Last week's interview with Metromix Cleveland
Black Rebel Motorcycle Club are (left to right): Peter Hayes, Leah Shapiro and Robert Levon Been
If âBeat the Devilâs Tattoo,â the fifth studio album from California psych-rockers Black Rebel Motorcycle Club, sounds like the work of a hungry young band thatâs just starting out, thatâs because in a way, it is. Despite over a decade of success, BRMCâs co-frontmenâguitarist Peter Hayes and bassist Robert Levon Beenâfinished their most recent world tour flat broke, having self-financed their last several months on the road after parting ways with their label, RCA Records.
âEvery dime we made, we put in to going to crazy places like Israel and Russia and South America,â Been explains by phone from the bandâs Los Angeles rehearsal space. âSo when we got home, we were strapped.â Hayes and Been didnât even have any place to live, having given up their apartments in anticipation of spending nearly two years on tour.
With nowhere else to go, the pairâalong with new drummer Leah Shapiroâretreated to the same house outside Philadelphia where they had worked on âHowl,â their bluesiest and most acoustic-based record. âA lot of people think we went there to recapture what we had before,â says Been, âbut really, they just offered us a free bed to sleep on.â
Conceived and recorded in that suburban houseâs basement, the songs on âTattooâ find Been and Hayes at their loudest and grittiest, unleashing tangled layers of reverb-soaked guitar and fuzzed-out bass over Shapiroâs martial drums. Released through Vagrant Records on the bandâs own Abstract Dragon label, itâs BRMCâs rawest record since their 2001 debut, but still informed by the classic blues and folk they explored on âHowlâ and the arena-rock swagger they perfected on their last album for RCA, âBaby 81.â
Been took a break from rehearsals to talk about the new albumâs âTwin Peaksâ-like genesis, finding inspiration in Edgar Allen Poe, and getting arrested while performing a little guerrilla marketing overseas.
You worked on âBeat the Devilâs Tattooâ at the same house where you worked on âHowl,â right?
Yeah, but we lived at the place this time. We have these really good friends that are in this band called the Cobbs out in Philly, and they had a house, which is just their family house they grew up in. And theyâve got a little rec room, halfway-studio in the basement. And the father, Wally, he still lives there. He was the only one we were nervous about, because we were rehearsing in his basement at ear-piercing volumes, and heâs right above the ceiling, just sitting there watching his sports games. We thought weâd get kicked out within a couple weeks. But heâd come down with a scotch in hand and just start rockinââand heâd bring his friends over from the bar. Heâd be like, âPlay that one thatâs got the thing.â [Laughs] Heâd want us to show off to his friends. It was the coolest, weirdest, âTwin Peaksâ experience.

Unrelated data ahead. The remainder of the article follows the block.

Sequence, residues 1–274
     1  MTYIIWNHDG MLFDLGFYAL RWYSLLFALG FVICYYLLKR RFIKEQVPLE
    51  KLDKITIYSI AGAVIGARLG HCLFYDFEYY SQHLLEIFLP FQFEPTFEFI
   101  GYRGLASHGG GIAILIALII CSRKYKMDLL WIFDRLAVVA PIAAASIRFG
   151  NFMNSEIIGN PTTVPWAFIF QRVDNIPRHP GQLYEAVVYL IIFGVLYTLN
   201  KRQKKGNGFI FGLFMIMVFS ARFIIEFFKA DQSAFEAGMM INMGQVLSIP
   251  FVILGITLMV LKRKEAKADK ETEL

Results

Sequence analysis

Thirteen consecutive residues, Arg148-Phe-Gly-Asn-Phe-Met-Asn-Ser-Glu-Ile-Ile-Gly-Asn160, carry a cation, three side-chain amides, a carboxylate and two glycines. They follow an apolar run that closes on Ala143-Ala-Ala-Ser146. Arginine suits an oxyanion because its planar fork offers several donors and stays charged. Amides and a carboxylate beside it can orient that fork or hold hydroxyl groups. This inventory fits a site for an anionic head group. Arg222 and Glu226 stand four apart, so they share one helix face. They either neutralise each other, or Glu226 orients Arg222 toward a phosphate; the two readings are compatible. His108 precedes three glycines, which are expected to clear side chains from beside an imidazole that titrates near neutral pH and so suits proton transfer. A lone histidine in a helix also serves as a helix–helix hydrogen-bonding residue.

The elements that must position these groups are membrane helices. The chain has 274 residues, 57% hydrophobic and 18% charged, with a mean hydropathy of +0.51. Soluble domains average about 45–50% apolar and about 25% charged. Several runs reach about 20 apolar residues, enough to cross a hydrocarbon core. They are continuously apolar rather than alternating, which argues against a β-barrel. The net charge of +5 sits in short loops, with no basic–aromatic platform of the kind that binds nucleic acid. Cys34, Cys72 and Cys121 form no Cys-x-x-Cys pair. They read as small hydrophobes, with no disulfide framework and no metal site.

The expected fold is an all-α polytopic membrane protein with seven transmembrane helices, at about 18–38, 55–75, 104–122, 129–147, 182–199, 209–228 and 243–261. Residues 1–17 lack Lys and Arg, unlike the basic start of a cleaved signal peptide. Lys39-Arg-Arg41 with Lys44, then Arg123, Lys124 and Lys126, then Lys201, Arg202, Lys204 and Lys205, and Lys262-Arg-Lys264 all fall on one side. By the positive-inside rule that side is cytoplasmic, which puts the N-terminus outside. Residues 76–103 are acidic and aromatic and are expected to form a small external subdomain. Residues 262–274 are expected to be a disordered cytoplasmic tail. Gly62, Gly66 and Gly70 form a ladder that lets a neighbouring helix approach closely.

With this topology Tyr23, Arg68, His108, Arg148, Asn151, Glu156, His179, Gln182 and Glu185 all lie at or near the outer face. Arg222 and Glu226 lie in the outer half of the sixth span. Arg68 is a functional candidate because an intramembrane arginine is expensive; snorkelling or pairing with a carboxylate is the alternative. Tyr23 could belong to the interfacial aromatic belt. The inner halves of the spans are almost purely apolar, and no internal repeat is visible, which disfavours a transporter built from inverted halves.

So youâre down there in the basement working on some new songsâand at some point during this process, Leah brings one of you guys a book of Edgar Allen Poe stories, and that winds up becoming the inspiration for the album title?
Yeah, thatâs a shorthand way of putting it. I asked her for it because there was a poem called âAnnabel Leeâ that I wanted to make into a song. And then there was a short story in that book called âThe Devil in the Belfryâ thatâs kind of amazingâand one [phrase], âbeat the devilâs tattooââŚI didnât have any idea what it meant, but it just kind of jumped out. The thing I loved about it the most was that the original, original meaning of it was the military tattoo drummers would beat at night, calling soldiers home, back to the camp. And I liked that image. And it felt like a blues title to me, tooâyou know, like me and the devil at the crossroads. And then you know, of course, weâre all wrestling our demons all the time. I donât think thatâs anything special to this album.
Yeah, I think God and the devil make cameo appearances on all of your albums, in one way or another.
One way or another, thatâs for sure. I think somebody asked us, if the devil had a tattooâwhich is pretty much the worst question weâd ever been askedâwhat would the tattoo be? And I think Peter said, âWell, of course, it would be a full body tattoo of Christ.â
The first two stops on your tour are Sacramento and Renoâis that coincidence, or are those high on your list of favorite places to play?
I think weâre just trying to comb through the country from left to right. [Laughs] And then further right, because we go from New York, and then London, and then continue east to Berlin. âFrom Reno to Berlinââthat shouldâve been the name of the record.
Well, you guys do already have a good Berlin connection, having a song named after it. And you filmed part of your DVD ["Black Rebel Motorcycle Club Live"] there.
And I just got arrested there last week.
In Berlin. A lot of shit goes wrong in Berlin. We were doing a press tourâdoing interviews in London and Paris and Berlin and Copenhagen. And Iâve been really into graffiti art for years, and we donât really have a proper label anymoreâso everywhere we go, weâre tagging our album title, just for fun. So me and Leah went out, and it was 18 below zeroâŚ
So fairly deserted.
Fairlyâexcept for a squad car of fucking [cops] are driving by when we were shaking, trying to do this thing. Yeah, we got a little in trouble, but it wasnât too bad. [Laughs] We pretended to be engaged. We tried to tell them we were just putting our initials on there as like a honeymoon thing. We were so scramblingâbecause itâs German police. Youâre freaked the fuck out when anyone talks to you in German and theyâre like an authority figure. Itâs not like âHoganâs Heroesââitâs the real shit. So we started sayingââcause we only got the âBâ and the âEâ doneâso we tried to say, âWell, itâs just our initials.â I think it got us out of the ticket, âcause they were like, âOh, whenâs your wedding?â